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Here's what economists have to say on RBI surplus transfer to govt

One of the key points of contention is the govt's alleged demand for transfer of Rs 3.6 lakh crore of RBI's reserves to itself.

twitter-logoDipak Mondal | November 19, 2018 | Updated 15:53 IST
Here's what economists have to say on RBI surplus transfer to govt

As the Reserve Bank of India (RBI)'s board meets today to thrash out the many differences it has with the government, one of the key points of contention is the government's alleged demand for transfer of Rs 3.6 lakh crore of the central bank's reserves to itself.

Even as the reports of demand for transfer of additional reserves has created a lot of buzz with opposition parties blaming the government of playing with the independence of autonomous institutions like RBI, a section of economists have a slightly less rhetorical view on the issue.

While the former chief economic advisor (CEA) Arvind Subramaniam had said in the last year's Economic Survey report that the RBI is already exceptionally highly capitalised and there is no   particular reason why this   extra capital should be kept with the RBI.   

"In fact, it is one of the most highly capitalised central banks in the world.  So, it would seem to be more productive to redeploy some of this capital in other ways," he had said.

He was of the view that the excess capital could be used in several good ways -- for recapitalising the banks and extinguishing debt to demonstrate that the government is serious about a strong public sector fiscal position.

He was, though, not in favour of using it for meeting expenses as he says "the uses to which this is should be of a balance sheet nature".

Arvind Virmani, the former CEA, also says that the demand for higher share of current profits to be paid as dividends to the government is a legitimate demand. However, he says it would be a gross fiscal irresponsibility to convert legacy accumulated reserves into dividends for use for current expenditures.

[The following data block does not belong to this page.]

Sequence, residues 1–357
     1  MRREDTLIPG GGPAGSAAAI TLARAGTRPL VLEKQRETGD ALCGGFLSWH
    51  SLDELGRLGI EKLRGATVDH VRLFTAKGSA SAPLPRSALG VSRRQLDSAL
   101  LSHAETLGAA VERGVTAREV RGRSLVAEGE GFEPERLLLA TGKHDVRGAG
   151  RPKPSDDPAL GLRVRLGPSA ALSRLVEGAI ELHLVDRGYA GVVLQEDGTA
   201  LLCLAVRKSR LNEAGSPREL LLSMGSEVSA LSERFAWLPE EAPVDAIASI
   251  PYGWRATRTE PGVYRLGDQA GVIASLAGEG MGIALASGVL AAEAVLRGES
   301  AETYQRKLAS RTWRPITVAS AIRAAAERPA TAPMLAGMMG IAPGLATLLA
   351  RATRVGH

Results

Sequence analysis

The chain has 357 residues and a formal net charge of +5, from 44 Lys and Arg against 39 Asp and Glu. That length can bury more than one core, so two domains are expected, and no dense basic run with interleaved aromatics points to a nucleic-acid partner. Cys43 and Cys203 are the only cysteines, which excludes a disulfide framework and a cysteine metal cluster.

However, he feels the use of excess reserves to write off past loans from RBI to the government would help clean up the balance sheets of the RBI and the government. "This would be completely consistent with the government's approach to the two balance sheets and would have a positive effect on markets," he says.

The former deputy chairman of Planning Commission Montek Singh Ahluwalia says while there are two views on the reserve issue with someone like Arvind Subramaniam saying that this can be done, the bottom line frankly is that nowhere in the world transfer of funds from central banks is treated as genuine way of modifying the fiscal deficit.

An economist from a rating agency, who refused to be quoted, said that a key question which remains unanswered is who should decide if the RBI has sufficient reserves. "Should the government decide this or should the RBI," He asks.

However, he is of the opinion that both the government and the RBI should avoid public spat over the issue as there is a report from YH Malegam Committee on the issue and they should consult him and his report to arrive at a consensus.

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